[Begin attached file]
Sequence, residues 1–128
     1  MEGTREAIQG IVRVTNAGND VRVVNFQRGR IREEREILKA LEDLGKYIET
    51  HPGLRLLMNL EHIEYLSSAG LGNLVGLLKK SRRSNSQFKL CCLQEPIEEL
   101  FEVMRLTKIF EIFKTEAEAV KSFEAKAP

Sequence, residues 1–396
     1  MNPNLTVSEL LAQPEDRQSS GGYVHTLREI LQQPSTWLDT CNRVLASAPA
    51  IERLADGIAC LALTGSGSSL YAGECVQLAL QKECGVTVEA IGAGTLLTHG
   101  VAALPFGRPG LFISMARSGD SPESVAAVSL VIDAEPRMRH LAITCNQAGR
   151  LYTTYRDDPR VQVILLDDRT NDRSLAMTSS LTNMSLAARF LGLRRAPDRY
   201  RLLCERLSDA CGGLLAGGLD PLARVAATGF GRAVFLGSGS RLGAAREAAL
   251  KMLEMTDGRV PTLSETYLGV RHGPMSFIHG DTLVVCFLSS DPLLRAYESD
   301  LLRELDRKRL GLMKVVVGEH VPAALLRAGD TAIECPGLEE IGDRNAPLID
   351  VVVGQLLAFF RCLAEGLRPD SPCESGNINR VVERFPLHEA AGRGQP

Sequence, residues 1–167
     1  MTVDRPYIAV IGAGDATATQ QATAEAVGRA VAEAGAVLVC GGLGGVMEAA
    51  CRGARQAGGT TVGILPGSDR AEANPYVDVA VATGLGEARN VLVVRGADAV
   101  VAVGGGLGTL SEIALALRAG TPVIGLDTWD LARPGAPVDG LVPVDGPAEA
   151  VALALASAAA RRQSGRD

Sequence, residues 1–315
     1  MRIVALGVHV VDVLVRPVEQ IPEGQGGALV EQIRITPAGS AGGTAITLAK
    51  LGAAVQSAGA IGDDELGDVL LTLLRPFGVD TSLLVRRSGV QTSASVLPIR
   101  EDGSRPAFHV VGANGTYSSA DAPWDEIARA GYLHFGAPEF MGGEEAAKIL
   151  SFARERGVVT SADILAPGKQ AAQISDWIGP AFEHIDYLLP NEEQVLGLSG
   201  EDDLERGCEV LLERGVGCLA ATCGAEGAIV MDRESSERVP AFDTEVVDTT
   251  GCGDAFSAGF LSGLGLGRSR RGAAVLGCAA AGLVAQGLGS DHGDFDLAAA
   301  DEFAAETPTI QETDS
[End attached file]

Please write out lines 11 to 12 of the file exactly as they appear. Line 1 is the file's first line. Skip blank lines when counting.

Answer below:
   251  KMLEMTDGRV PTLSETYLGV RHGPMSFIHG DTLVVCFLSS DPLLRAYESD
   301  LLRELDRKRL GLMKVVVGEH VPAALLRAGD TAIECPGLEE IGDRNAPLID